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Peak Views and a Peek Into Past in Keystone Canyon

January 23, 2000|JOHN McKINNEY

Thrusting high above Lanfair Valley, the granite-crowned New York Mountains are among Mojave National Preserve's highest peaks. New York Peak, the range's 7,463-foot signature summit, offers commanding views of the preserve and far beyond to the Panamint Mountains of Death Valley National Park, the San Jacinto Mountains behind Palm Springs and ranges in Nevada and western Arizona.

Keystone Canyon shares botanical similarities with Caruthers Canyon, located a few miles south. Both canyons cradle relict stands of white fir--arboreal survivors from a time of much cooler, wetter climatic conditions. Yerba santa, ceanothus and other shrubs more common to California's coastal slopes grow in the upper reaches of the New York Mountains.

While the last Ice Age evaporated about 11,000 years ago and the Mojave has become a far drier landscape, the firs and "coastal" flora still flourish. The survival of these moist-environment plants in the New York Mountains is due to the range's height: The high peaks snag moisture from passing storms and clouds.

The firs are by no means the only attraction for tree lovers along the Keystone Canyon Trail. Lower Keystone Canyon hosts pin~on (pine), juniper and oak.

Seasoned hikers with good map-reading and route-finding skills will most enjoy the steep and challenging ascent to New York Peak. (Experienced hikers ascend via a couple of routes, including a scramble by way of Keystone Spring. Those hikers seeking an easier outing can traverse fascinating Keystone Canyon and turn around at road's end.)

While the view from atop New York Peak is unsurpassed, hikers be warned: Serious rock scrambling is required to reach the summit. However, nearly the same glorious panorama is available from the ridge crest below the peak.

Directions to the trail head: From Interstate 15, exit on Nipton Road and go 3.5 miles to Ivanpah Road. Turn right (south) and head toward the New York Mountains. Twelve miles along, the road crosses railroad tracks, bends east and turns to dirt. After six more miles, just as Ivanpah Road bends southeast, turn right on the narrow, unsigned road leading to Keystone Canyon. Avoid a couple of left-forking, narrower roads, and travel 2.5 miles from Ivanpah Road to a junction just before the road descends into Keystone Canyon. Briefly follow the left fork to a parking area.

The hike: Walk up the deteriorating road into Keystone Canyon. The wide range of trail-side flora includes pin~on and juniper, yerba santa and cliff rose.

Keystone Canyon bends south, and you'll stick with it. Half a mile out, ignore a right-forking road that leads into Live Oak Canyon, and after another 0.1 mile, ignore a left-forking road; this one leads 0.25 mile to Keystone Spring.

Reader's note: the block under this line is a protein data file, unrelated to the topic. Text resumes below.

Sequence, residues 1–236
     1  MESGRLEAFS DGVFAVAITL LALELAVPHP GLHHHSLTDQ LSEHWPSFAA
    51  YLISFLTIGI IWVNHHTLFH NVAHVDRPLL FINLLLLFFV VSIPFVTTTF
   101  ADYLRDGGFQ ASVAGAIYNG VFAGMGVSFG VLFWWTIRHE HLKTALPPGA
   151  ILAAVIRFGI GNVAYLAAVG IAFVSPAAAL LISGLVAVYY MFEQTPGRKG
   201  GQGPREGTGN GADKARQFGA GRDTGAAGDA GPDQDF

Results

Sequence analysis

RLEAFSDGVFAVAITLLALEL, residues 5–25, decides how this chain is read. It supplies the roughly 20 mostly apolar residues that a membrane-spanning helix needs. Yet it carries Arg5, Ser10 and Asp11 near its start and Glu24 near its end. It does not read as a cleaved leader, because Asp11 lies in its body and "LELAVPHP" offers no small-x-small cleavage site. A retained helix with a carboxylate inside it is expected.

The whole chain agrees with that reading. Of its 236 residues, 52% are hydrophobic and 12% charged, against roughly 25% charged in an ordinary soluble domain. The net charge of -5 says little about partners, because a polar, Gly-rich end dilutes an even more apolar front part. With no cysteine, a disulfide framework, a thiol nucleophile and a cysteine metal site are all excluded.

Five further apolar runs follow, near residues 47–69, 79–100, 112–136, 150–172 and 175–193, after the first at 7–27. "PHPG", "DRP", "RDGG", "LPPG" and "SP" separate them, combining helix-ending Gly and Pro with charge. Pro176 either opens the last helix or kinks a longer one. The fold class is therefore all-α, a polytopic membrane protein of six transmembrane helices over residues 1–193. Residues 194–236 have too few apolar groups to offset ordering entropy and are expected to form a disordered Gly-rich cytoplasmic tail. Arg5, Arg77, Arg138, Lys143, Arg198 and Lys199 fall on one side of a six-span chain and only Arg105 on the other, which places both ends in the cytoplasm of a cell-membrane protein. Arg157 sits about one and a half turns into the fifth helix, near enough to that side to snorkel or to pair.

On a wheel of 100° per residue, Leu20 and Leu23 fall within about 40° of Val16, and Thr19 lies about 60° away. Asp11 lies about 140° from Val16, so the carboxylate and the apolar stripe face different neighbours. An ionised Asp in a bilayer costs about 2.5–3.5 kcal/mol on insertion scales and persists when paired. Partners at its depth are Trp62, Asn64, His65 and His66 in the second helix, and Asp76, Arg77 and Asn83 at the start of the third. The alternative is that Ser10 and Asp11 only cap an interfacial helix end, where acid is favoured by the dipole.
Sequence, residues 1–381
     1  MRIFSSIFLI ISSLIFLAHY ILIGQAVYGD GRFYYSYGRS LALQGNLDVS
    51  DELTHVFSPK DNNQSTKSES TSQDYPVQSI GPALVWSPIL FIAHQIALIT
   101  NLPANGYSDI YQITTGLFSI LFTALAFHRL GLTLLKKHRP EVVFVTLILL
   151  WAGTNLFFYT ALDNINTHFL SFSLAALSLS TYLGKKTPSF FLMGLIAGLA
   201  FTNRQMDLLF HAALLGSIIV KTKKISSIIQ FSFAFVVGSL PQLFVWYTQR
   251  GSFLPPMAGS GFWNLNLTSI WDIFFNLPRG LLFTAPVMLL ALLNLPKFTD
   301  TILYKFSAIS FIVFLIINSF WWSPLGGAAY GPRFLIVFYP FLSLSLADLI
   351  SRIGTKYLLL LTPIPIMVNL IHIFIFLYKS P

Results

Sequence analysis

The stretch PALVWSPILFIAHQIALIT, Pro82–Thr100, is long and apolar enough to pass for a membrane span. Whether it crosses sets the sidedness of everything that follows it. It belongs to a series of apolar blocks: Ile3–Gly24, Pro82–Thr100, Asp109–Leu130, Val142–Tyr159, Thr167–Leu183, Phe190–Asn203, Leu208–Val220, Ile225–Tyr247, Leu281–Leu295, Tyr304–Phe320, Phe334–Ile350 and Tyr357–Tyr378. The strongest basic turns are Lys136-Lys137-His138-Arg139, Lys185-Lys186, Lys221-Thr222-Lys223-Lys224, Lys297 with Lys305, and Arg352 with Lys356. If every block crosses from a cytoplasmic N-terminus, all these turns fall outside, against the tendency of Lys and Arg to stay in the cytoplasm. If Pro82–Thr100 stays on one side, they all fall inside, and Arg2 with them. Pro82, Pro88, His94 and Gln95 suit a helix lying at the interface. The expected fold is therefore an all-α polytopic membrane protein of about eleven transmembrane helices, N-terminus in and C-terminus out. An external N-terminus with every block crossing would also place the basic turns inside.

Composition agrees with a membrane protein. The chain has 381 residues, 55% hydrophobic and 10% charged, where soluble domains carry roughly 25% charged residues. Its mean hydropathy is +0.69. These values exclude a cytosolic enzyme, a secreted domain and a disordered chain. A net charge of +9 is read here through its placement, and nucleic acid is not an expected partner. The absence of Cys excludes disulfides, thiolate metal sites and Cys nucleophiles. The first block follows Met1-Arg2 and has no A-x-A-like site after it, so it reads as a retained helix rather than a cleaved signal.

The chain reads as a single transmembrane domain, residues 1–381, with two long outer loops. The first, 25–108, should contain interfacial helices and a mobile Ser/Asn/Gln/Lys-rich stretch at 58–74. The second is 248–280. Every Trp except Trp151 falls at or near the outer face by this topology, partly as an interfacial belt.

Continue your ascent through Keystone Canyon as the views of granite-topped mountains improve and the road you're following gets worse. At road's end, about 1.5 miles from the trail head, you'll find a small abandoned copper mine. It's colorful in an odd sort of way--green and blue copper ore debris scattered around ore car tracks.

Above you to the southwest are two gullies leading toward the crest. Choose one and begin a brutal quarter-mile ascent, gaining 500 feet in elevation, then catch your breath at a narrow saddle.

From this saddle, repeat this exercise, with another quarter-mile ascent and 500-foot gain to reach the ridge crest just south of New York Peak. Scramble southwest among the boulders, keeping your eye out for a stand of white fir that grows in the company of pin~on.

If time, energy and your abilities permit, continue along the rugged ridge to the summit. Otherwise, enjoy the marvelous view from the ridge. Broad Ivanpah Valley lies straight down to the north, and you'll be able to identify several prominent preserve features including Cima Dome to the west and Clark Mountain to the northwest. On particularly clear days, look for the high peaks of the San Bernardino and San Gabriel mountains on the eastern border of the Los Angeles metropolitan area. The Virgin Mountains of eastern Nevada and southwestern Utah are located more than 100 miles to the northeast.


Keystone Canyon Trail

Where: Mojave National Preserve

Distance: From Keystone Canyon to road's end is 3 miles round trip with a 700-foot elevation gain; to New York Peak is 4.5 miles round trip with a 2,000-foot elevation gain.

Terrain: Pinyon pine and juniper dotted canyon, rocky and rugged New York Mountains.

Highlights: Unusual desert flora, including white fir, and great desert vistas.

Degree of difficulty: Moderate to strenuous.

Precautions: Route to New York Peak for experienced desert hikers only.20

For more information: Mojave Desert Baker Information Center (760) 733-4040 or Mojave National Preserve Headquarters tel. (760) 255-8801.

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